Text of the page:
Containing around 70 pairs of shoes - the majority of which were made in the 19th and 20th centuries – SHOES also features several very early objects, including a bone skate from the Anglo-Saxon period (10th to 11th century) that was found in Winchester and a child’s shoe (c1680), discovered in the chimney of a Hampshire home.
Four stunning pairs of shoes, some with matching pattens dating from the early 1700s, also feature in the exhibition. Key shoe styles from the 19th century through to the present day are reflected, along with early 18th century heels, late 19th century moccasins, a Chinese lotus shoe (c1880) and Manchu shoes (dating similarly).
Other objects on display include a WWI officer’s trench boots, early 20th century clogs and boots, galoshes, waders, callipers, riding boots, dance shoes (including a pair from c1925 in the flapper style and Gamba ballet shoes) with the second half of the 20th century represented by 1940-50s utility wear, army boots and shoes, 1950s stilettos, Brothel Creepers and platform shoes that became synonymous with popular culture in the late 1960s and early 1970s.
Other items reflect the needs and influences of sport and leisure pursuits, including ice skates, roller skates, baseball and basketball boots from the likes of Converse and Nike.
A small selection of the shoes has been specially X-rayed and will be displayed alongside the corresponding objects to uncover their construction, developments in design, or reveal an ethereal reminiscence of a life lived. In each themed section, visitors will discover surprising new dialogues, sparked by bringing different styles together, from different cultures and centuries.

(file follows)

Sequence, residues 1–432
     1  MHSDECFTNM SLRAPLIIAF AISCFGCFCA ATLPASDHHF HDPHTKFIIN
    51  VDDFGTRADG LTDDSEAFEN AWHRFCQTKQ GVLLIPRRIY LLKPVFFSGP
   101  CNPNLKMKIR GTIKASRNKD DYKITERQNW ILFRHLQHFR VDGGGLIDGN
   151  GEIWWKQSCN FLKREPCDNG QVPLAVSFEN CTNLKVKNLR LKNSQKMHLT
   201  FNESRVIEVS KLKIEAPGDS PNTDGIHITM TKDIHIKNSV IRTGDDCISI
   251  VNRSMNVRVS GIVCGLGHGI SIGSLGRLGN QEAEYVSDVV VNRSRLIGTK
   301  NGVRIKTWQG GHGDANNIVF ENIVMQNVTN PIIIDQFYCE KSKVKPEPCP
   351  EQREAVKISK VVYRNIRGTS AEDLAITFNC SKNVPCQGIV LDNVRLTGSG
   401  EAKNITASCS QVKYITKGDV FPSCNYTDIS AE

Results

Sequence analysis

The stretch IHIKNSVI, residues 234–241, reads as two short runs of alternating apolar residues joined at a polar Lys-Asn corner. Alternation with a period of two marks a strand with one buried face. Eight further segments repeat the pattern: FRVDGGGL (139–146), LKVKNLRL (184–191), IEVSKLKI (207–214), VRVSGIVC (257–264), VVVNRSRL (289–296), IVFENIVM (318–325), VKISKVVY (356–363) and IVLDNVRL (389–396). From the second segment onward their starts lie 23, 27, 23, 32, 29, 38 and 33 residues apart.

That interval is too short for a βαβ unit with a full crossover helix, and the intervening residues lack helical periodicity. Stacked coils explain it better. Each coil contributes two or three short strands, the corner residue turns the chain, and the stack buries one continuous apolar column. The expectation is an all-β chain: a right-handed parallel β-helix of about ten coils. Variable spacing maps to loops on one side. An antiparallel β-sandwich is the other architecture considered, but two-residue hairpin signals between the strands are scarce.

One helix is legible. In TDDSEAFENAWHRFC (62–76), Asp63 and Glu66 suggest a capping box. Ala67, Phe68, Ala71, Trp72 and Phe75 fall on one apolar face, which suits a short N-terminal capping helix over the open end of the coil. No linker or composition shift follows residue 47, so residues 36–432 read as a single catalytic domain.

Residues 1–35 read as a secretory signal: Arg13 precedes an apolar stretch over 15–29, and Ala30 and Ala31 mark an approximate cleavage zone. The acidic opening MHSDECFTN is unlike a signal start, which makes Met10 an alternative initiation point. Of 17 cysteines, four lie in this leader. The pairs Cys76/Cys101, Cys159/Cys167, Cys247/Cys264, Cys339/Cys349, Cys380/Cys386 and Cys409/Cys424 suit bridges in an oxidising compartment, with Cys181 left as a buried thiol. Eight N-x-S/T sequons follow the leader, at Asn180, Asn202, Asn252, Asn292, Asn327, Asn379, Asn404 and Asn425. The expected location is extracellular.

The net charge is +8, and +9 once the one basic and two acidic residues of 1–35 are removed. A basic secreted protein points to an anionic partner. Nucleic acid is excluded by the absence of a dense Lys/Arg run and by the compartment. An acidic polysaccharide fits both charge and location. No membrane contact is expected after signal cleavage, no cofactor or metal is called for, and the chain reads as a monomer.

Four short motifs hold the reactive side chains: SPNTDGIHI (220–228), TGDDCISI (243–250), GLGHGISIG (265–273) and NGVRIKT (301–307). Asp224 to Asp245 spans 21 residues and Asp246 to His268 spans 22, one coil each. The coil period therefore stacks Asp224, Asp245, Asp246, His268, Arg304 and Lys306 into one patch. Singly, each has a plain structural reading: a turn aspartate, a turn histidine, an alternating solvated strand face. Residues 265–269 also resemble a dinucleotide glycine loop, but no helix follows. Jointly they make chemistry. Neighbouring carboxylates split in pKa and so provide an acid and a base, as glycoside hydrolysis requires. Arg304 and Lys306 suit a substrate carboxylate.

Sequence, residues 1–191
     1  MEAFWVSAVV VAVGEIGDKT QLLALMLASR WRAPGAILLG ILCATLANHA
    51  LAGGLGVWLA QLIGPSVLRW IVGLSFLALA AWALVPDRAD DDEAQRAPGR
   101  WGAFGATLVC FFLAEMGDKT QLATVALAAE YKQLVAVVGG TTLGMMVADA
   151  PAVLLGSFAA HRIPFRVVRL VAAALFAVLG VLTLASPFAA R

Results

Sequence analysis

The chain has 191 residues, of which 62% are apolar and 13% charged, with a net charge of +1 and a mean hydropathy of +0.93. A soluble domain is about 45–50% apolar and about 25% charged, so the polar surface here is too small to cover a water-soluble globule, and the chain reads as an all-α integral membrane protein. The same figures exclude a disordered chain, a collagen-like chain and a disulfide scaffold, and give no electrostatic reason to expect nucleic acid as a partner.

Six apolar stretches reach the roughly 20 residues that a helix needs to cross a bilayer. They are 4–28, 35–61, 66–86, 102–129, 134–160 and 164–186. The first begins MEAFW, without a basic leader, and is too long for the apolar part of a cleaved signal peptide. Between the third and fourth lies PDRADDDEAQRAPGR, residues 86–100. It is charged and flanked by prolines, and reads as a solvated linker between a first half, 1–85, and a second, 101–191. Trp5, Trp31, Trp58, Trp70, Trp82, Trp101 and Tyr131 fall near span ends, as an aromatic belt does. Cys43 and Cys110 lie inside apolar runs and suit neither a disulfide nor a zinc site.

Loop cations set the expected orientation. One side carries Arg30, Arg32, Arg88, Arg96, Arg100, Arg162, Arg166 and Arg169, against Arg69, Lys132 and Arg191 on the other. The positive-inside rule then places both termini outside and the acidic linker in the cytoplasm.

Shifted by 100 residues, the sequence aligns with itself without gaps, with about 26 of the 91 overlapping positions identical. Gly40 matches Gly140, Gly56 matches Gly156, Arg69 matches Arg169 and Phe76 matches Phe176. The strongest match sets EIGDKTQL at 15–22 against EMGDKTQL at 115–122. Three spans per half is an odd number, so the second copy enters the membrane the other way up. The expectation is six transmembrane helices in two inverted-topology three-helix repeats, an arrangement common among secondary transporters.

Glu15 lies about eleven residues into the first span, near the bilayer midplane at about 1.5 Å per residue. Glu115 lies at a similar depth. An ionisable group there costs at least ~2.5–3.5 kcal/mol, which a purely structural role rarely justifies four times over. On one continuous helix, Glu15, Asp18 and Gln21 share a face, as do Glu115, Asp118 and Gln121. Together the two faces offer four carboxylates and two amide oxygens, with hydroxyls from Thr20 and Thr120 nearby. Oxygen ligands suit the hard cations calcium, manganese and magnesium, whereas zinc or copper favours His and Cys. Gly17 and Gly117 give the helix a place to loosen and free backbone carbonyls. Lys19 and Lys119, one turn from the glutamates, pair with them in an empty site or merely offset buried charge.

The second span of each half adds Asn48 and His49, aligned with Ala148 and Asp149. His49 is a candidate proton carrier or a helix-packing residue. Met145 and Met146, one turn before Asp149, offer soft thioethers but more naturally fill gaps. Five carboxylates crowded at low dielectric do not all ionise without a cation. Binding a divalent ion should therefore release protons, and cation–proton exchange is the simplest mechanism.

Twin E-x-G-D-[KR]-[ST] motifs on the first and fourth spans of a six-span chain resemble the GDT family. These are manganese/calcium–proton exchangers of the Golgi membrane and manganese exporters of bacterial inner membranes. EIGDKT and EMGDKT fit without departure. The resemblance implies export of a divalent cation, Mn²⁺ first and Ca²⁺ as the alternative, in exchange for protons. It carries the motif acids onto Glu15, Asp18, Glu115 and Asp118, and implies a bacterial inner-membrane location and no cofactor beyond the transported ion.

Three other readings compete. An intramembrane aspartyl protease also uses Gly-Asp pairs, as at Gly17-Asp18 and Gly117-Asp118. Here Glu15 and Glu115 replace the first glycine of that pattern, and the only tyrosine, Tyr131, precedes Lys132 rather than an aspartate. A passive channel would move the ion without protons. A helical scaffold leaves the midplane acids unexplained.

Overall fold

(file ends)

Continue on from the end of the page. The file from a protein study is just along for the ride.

The show will also reveal some surprising facts about the evolution of various styles. For example, high heels - often considered emblematic of a woman’s personal power - originated in Assyria around 700BC, when high-heeled riding boots coincided with the invention of the stirrup, enabling male soldiers to sit more firmly in the saddle and hold heavier weapons. Elizabeth I wore them in an effort to emphasise her princely masculinity, a theme made famous by her speech at Tilbury, in which she claimed: “I know I have the body but of a weak and feeble woman; but I have the heart and stomach of a king, and of a king of England too.” In contrast, the traditional cowboy boot – with its stacked leather heel designed to keep riders comfortable throughout long days in the saddle – is an item of workwear redolent with masculine associations. Over time however, it has become a far more androgynous fashion choice. More extreme examples of high-heeled boots show how they have also been fetishized in the name of style, with increasingly vertiginous heels causing crippling pain and restricting movement as part of a strange dichotomy in which the wearer is both physically elevated and limited at the same time.
Among the boots featured in the exhibition, WWI officer’s trench boots demonstrate how their owner needed a practical footwear solution for the dirty conditions in which they lived and worked, while expensive materials or the fragility of their construction, evident by a pair of 19th century purple silk velvet boots, expose an uncomfortable truth, that their original owner regarded themself as above getting dirty or cold. In this instance, utility has been wholly appropriated by fashion.
The march of high-end designers (pun intended) is acknowledged by a pair of studded Louboutin stilettos and a pair of shoes made by British fashion icon, Mary Quant. Other famous labels featured in the exhibition include John Galliano, Biba and Liberty.
“The story of shoes is not always straightforward. Conformity to gender stereotypes is blurred, power statements conceal repression, and the utilitarian merges with the frippery,” says the exhibition’s co-curator Claire Isbester.
Co-curator and Visual Arts Exhibition Manager at Hampshire Cultural Trust, Tara McKinney Marinus adds: “Highlights from our collection will be presented through a number of themes; Work, Play, Protect, Identify, Empower, Transform and Aspire, to explore how shoes are a powerful signifier of the wearer, but also how their form and function allows us to explore broader cultural issues.”